Quinoa is gaining more and more ground in the European markets. It is a crop that originates from Latin America, with the oldest records mentioning its consumption by the native populations of Peru and Bolivia even 4,000 years ago. Quinoa is a highly nutritious – gluten free – alternative crop of the pseudocereal class. One of the most important turning points in the process of spreading quinoa to the rest of the world was the declaration of 2013 as the “year of quinoa” by the United Nations.

When launching the 2013 International Year of Quinoa, senior United Nations officials joined South American leaders to praise the nutritional value of the ancient “superfood”, a low-cost response to global hunger and the starting point for a more equitable international economic system, especially the food trade. “Let us work together to make sure the benefits of this extraordinary grain can be felt by those who need it most,” then Secretary-General Ban Ki-moon said, emphasizing that quinoa, a protein rich cultural anchor and staple of the diet of millions of people throughout the Andes for thousands of years, could contribute significantly to UN’s “Zero Hunger Challenge.” This is thanks to two great advantages — it is extremely nutritious and highly adaptable in different climates —that the quinoa grain has become essential to meeting global climate goals and countering the effects of a warming planet, where desertification and land degradation were becoming ever more pressing issues.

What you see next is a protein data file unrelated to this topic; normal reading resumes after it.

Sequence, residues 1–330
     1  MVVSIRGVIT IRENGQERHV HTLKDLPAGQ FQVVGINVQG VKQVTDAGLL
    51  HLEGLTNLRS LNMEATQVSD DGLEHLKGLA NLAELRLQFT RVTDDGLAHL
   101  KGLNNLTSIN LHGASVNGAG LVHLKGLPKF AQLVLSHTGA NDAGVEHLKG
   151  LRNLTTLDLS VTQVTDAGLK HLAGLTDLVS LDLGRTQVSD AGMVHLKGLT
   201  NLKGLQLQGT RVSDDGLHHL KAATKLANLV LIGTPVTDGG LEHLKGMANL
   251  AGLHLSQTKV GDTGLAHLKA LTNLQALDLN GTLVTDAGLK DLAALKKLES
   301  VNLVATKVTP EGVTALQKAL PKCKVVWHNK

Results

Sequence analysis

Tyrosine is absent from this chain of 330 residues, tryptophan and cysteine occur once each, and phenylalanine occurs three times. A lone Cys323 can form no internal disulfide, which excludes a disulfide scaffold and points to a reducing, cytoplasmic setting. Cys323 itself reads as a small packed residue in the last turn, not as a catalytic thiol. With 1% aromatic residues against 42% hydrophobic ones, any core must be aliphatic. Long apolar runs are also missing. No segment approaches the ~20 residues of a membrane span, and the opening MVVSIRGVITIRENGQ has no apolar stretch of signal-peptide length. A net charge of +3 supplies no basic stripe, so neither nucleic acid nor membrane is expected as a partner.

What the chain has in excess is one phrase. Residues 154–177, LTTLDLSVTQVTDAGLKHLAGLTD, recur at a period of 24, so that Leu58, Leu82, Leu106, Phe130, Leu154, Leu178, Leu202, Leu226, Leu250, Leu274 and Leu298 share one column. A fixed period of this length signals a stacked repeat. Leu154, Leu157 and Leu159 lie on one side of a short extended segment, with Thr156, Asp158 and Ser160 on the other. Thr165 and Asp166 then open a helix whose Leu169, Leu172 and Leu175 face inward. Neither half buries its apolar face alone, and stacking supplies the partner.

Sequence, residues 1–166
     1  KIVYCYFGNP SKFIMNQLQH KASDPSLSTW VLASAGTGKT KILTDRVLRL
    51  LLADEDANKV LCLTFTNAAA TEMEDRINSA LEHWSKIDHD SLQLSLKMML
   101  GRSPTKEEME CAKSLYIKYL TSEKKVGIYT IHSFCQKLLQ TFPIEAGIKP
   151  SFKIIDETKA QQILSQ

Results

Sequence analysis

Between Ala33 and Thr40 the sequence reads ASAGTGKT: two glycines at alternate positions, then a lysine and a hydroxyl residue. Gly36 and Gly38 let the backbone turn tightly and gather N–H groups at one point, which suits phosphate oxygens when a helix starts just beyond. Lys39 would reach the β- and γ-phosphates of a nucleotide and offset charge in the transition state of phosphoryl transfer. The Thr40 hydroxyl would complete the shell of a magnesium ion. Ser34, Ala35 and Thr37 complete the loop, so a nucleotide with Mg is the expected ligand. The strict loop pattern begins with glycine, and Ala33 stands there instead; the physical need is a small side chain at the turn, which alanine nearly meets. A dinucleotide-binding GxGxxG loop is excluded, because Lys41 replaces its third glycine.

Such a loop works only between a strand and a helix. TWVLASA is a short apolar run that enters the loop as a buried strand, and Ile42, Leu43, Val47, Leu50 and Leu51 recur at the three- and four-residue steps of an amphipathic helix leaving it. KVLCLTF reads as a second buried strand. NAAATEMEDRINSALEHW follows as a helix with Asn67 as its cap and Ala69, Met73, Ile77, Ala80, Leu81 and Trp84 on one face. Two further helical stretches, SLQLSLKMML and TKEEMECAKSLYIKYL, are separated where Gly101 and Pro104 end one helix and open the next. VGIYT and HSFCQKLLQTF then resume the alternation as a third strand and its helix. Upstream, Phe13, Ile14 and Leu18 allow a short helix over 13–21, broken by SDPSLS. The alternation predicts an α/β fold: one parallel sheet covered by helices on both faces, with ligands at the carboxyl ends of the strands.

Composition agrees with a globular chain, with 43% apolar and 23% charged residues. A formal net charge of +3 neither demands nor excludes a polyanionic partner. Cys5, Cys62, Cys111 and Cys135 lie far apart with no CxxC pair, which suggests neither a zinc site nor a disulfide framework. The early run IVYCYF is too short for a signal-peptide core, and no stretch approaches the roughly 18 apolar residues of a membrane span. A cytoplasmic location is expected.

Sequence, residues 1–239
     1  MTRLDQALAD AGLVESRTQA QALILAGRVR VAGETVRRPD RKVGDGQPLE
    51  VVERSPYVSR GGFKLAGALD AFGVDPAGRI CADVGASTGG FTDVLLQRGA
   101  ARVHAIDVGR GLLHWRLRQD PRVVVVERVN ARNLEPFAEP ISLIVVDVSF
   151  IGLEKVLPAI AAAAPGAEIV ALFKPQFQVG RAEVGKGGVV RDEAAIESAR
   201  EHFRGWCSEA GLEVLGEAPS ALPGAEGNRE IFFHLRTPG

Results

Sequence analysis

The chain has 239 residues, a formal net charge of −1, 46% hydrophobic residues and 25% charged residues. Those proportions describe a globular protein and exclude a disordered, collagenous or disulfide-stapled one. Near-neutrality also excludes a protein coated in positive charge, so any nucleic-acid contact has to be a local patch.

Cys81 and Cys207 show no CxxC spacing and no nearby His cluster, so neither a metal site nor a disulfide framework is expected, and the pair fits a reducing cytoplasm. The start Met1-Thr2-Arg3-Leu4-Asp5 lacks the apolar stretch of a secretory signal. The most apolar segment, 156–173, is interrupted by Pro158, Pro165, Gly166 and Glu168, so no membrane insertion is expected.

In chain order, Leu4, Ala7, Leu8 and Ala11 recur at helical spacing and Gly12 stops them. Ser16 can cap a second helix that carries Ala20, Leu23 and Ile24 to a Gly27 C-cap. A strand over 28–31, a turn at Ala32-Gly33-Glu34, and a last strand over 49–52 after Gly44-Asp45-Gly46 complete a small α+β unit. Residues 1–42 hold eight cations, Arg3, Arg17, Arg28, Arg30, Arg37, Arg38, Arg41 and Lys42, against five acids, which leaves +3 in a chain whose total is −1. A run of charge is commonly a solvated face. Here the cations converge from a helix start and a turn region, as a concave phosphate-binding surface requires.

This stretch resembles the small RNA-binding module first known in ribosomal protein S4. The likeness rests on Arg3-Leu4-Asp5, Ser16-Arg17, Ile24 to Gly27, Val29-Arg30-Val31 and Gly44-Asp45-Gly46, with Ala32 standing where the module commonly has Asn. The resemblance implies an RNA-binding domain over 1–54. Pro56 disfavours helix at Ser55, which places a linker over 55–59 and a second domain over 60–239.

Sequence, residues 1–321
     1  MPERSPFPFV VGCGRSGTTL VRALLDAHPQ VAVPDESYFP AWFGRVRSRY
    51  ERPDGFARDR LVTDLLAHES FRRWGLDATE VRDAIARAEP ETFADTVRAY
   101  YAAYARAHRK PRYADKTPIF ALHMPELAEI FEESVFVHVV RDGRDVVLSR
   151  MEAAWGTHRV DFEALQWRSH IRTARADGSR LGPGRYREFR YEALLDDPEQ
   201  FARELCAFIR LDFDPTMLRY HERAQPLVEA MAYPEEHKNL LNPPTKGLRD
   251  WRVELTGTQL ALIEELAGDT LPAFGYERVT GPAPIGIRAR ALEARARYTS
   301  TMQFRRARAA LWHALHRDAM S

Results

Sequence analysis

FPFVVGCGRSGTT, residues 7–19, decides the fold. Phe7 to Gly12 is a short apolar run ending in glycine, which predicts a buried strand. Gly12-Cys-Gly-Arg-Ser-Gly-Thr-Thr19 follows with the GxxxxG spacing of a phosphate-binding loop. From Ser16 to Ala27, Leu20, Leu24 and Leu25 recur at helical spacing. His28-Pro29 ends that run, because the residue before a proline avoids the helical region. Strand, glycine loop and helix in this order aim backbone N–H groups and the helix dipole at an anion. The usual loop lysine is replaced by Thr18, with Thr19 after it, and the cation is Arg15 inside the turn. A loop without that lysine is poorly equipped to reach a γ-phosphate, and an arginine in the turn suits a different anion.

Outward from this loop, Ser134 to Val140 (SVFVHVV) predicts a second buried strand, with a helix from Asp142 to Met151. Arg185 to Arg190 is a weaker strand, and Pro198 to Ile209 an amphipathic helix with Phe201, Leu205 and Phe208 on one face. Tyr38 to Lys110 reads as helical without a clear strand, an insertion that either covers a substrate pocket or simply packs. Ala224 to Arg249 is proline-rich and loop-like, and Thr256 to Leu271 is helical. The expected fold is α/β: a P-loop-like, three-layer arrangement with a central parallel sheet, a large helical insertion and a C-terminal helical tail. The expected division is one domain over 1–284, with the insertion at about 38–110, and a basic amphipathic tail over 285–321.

“Since then, its demand has recorded a continuous upward trend, and especially in the EU Member States,” Assistant Professor of Agriculture and Innovative Crops at the Agricultural University of Athens (AUA), Ioanna Kakabouki, told the Athens-Macedonian News Agency, adding that “but due to its excellent nutritional value, quinoa can also contribute to the ecological goals of the European Union”.


Quinoa and Europe

With the effects of climate change becoming increasingly apparent, the European Commission has designed a series of agri-environmental measures aimed at managing the climate crisis and ensuring food sufficiency.   The “European Green Deal” is one of the most important strategies of the European Union and especially the “Farm to Fork” strategy that aspires to reduce the use of agrochemicals by 20-50% by 2030.

Following these initiatives, the research community has focused on how to reduce inputs to the primary sector, while maintaining the productive dynamics of modern agricultural systems. One of the most promising solutions is the adoption of innovative, alternative, xeric and low-input crops, such as quinoa.

“The case of quinoa is typical of how the introduction of innovative crops can achieve the goals of the Green Deal. Initially, the plant’s adaptability to unfavorable conditions for other crops, and its low fertilizer and irrigation requirements meet the conditions set by the Agreement” said Ms. Kakaboukis to Athens -Macedonian News Agency and added “the satisfactory yields, which, according to the literature are feasible for our country, combined with the high nutritional value of the seed, make us optimistic about the productive and economic dynamics of quinoa in Greece”.